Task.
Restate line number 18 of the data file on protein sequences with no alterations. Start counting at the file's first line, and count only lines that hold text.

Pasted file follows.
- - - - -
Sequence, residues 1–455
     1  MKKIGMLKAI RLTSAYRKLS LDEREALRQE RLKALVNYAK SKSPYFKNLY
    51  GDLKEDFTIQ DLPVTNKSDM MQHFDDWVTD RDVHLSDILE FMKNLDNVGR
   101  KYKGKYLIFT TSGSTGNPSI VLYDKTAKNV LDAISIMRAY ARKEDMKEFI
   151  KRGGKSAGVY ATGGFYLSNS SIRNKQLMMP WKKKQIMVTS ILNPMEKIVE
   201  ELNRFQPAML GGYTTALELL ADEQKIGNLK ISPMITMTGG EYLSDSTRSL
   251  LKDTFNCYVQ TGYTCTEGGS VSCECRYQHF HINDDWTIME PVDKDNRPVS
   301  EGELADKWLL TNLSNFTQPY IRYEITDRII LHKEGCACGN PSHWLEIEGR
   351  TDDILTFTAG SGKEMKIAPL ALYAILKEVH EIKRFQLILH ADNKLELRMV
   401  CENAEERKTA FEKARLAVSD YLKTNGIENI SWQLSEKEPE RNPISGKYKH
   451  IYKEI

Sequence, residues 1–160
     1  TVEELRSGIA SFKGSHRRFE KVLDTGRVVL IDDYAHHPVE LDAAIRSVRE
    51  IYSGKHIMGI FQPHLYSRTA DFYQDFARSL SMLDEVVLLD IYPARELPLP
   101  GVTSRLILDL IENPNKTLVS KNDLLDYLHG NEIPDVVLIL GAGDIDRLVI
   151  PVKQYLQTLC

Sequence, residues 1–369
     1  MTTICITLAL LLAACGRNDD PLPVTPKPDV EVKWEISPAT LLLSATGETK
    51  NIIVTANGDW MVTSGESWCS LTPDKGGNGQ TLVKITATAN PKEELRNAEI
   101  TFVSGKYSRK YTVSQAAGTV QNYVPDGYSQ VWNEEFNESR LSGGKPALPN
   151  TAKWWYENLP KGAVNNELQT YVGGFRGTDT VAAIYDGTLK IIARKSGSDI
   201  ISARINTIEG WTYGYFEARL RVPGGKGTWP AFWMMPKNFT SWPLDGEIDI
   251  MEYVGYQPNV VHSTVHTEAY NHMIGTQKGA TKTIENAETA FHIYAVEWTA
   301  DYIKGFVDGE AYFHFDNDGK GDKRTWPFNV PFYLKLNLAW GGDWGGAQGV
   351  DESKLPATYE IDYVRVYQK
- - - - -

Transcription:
     1  MTTICITLAL LLAACGRNDD PLPVTPKPDV EVKWEISPAT LLLSATGETK